(P.S. One of my biggest, recurring nightmares is that I forget it's the first day of school or an important meeting or something and I show up late or forget to show up at all. These stickers keep that terrifying dream from becoming a reality!)

Tip #5: Loosely plan out a scope & sequence for the school year
Now that you know when each term ends and you have all of your breaks blocked out, fill in your weeks with a basic scope and sequence. I do this on loose leaf paper that I stick in the pouch at the back of my planner. I look at my days and weeks and decide which standards I should be teaching by the end of each quarter, jot down lesson ideas, and which types of lessons I'll do each week. You can get as specific with this as you want. I do this to plan for success -- but I also know that sometimes as a teacher I have to be flexible. Sometimes my students need to review a concept in more depth than I had anticipated, or they're ready to move at a faster pace. Planning this out loosely gives me the freedom to know where I'm going, but not have to be nailed down to going at a specific rate. Having a scope and sequence in my planner helps me to make sure I'm getting through the content I need to before testing and helps me to be successful. 

Tip #6: Add a little flair
This is where you can really flaunt your teacher style. I love to add little stickers, inspirational (or thematic) quotes, and color to the pages of my planner. It makes my planner more aesthetically pleasing, but it also boosts my mood to have the flair I added greet me when I open up my monthly spread.

Tip #7: Write stuff down!
I know that you are doing awesome things in your class!! You have great ideas and sometimes you even whip up something on the spot -- a true "teachable moment" -- without even having to plan for it! Go back and write it down. I know this seems annoying. I know you feel like you'll remember it. Trust me, I've felt those things. But then I got busy and forgot all about my brilliant idea. Plan things ahead of time. Write bullet points (or more detailed notes, it's all about YOUR planning style) for your lessons ahead of time as your planning, but go back and jot something down to yourself. Write down that amazing thing you did spontaneously. Have a lesson plan backfire, that's okay. Write it down. This will do two things:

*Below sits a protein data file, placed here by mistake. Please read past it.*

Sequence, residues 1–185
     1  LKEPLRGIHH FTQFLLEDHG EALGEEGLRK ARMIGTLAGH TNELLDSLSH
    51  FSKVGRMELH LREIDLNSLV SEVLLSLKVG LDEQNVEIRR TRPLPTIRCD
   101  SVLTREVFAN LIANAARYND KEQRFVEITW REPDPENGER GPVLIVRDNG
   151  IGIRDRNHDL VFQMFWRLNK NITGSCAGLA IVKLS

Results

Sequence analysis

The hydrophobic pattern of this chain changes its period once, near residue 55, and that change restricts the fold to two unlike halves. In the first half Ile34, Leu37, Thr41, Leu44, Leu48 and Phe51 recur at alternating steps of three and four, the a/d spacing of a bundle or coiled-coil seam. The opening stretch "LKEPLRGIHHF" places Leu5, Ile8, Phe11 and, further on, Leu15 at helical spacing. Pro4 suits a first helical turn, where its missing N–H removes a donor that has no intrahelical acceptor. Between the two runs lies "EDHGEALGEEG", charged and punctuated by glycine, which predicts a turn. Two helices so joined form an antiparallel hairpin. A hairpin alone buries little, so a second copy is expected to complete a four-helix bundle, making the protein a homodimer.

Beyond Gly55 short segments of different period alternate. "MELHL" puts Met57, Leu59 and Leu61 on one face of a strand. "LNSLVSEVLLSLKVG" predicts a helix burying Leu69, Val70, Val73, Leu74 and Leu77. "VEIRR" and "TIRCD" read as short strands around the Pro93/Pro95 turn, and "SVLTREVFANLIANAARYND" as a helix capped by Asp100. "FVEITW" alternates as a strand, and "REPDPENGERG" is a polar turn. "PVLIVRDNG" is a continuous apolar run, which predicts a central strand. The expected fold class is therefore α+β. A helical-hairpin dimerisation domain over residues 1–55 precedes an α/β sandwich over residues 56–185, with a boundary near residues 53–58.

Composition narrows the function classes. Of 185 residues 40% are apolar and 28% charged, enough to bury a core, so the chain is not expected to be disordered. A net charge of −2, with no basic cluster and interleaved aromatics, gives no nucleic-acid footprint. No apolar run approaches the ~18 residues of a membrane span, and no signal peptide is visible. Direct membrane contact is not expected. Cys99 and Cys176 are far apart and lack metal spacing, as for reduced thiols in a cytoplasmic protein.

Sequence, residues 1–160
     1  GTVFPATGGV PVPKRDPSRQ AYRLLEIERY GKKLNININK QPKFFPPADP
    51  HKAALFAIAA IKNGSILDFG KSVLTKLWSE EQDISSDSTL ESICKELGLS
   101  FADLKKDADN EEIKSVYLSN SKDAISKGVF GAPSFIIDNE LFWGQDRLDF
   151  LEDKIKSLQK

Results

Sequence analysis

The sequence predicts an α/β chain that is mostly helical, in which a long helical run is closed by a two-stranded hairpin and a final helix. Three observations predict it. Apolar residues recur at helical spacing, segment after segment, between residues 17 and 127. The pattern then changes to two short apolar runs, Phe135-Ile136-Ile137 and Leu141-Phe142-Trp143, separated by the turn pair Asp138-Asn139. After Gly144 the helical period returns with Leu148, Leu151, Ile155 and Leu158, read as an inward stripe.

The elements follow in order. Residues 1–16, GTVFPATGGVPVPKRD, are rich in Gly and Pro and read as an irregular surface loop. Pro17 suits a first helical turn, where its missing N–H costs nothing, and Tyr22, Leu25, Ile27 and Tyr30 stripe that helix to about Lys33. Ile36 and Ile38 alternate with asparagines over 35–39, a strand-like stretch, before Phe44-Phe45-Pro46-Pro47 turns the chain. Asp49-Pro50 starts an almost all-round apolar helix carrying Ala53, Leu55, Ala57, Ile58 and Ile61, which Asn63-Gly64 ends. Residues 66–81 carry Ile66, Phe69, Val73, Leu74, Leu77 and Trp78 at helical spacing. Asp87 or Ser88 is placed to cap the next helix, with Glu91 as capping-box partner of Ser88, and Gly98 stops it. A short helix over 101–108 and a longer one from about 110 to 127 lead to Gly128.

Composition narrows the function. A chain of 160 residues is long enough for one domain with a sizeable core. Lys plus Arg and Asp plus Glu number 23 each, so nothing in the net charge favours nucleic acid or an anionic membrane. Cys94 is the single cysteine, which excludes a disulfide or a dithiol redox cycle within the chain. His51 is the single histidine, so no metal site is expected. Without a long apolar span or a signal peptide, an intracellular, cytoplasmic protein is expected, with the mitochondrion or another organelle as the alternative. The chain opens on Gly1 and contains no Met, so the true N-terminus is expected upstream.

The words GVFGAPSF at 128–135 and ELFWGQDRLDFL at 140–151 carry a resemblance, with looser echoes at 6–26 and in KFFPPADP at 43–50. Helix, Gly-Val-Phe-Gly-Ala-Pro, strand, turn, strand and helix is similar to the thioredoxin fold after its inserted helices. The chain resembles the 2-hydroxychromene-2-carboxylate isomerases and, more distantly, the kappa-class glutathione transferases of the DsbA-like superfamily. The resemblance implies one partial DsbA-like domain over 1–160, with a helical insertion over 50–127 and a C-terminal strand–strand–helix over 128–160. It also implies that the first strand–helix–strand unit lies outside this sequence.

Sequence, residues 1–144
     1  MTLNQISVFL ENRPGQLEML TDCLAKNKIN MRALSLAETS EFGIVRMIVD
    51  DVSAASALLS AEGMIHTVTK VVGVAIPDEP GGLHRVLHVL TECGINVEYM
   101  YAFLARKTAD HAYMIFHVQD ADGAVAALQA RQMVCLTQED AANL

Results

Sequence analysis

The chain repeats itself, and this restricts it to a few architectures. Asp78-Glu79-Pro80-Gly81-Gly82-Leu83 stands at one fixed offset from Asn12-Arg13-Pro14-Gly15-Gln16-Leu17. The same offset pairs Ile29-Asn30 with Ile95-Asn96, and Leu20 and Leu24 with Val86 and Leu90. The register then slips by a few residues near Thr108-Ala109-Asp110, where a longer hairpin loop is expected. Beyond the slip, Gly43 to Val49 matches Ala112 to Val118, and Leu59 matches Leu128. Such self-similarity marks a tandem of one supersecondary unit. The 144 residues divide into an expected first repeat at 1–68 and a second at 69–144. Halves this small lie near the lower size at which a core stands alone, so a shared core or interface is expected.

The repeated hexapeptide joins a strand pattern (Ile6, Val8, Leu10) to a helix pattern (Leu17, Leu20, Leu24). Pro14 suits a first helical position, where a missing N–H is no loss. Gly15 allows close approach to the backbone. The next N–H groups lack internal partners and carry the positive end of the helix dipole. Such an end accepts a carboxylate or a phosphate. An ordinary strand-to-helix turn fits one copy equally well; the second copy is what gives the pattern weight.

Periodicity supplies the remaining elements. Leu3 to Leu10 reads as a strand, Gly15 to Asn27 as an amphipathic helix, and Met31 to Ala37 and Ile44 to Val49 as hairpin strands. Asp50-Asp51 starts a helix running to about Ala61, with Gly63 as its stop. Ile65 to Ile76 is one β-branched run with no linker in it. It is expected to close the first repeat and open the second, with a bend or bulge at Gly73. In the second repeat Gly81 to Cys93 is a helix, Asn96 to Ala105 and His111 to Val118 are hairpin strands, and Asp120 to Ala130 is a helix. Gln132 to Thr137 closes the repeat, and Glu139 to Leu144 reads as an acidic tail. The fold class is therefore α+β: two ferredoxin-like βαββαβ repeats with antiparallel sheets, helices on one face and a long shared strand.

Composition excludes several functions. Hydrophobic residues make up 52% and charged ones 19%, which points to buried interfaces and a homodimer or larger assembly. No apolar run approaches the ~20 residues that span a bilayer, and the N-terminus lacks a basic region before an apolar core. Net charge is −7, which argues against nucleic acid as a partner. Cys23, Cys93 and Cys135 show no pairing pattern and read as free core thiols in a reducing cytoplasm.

1. It will make you reflect. What went well, what didn't? How could you change it to make it even better? This doesn't have to be long to be effective. Just take a few moments to cognizantly reflect and jot it down. 
2. You will see it when you plan next year. This is another one of the reasons I view my planner as such a good investment. I save them every year, and look back as I'm loosely doing my scope and sequence (usually during summer) the next year. If you write a little note to yourself about a lesson it will spark your memory so that you can rock that lesson the next year. 

Tip #8: Keep a hard copy of your grades
I use this Student checklist every day. I use it to track who has/hasn't turned in permission slips, who I've chosen for student of the week, and much more! Just turn the page, and you'll find that I keep a hard copy of all of my grades for each term. Even though my school uses an online grade book, I'm old school and love to log scores here before inputting them online. 
Bonus Tip: I write down my scores and assignments in Flair pens. (They don't bleed through. Bless!) I correspond the color I use to the type of assignment. All Reading assessments are logged in red, Math assessments in magenta, Reading projects in teal, Math homework in orange... you get the idea. Is my nerd showing?

Tip #9: Use you planner for more than just a calendar and lesson plans
So I mentioned at the beginning of this post that my planner is MY LIFE. I not only use it as my calendar, lesson plan holder, and grade book... I use it for many other things:
- I store my school supplies receipts, example report card, and handouts from meetings/trainings in this two-sided pouch. That way, when I need to go back to reference something I have it right there! Whether I'm in my classroom, at home, or off campus in a meeting I have everything I need. 
- I keep a copy of all of my ELA and Math standards in one of the plastic sleeves in my planner. It's so easy to find any standard I need.
- I keep a copy of my District Calendar and my Daily Schedule in another one of the plastic sleeves in my planner. 

Planning things out takes time, but trust me friends it is SO worth it. I have saved my planners every year since student teaching so that I can look back on my lessons, ideas, and reflections. This process has not only made me more efficient at planning over the years, but it has also truly made me a better teacher. 

If you are interested in getting a pretty Erin Condren Teacher Planner of your own, please click on this link to get some money off of your first purchase:

Have fun planning for success,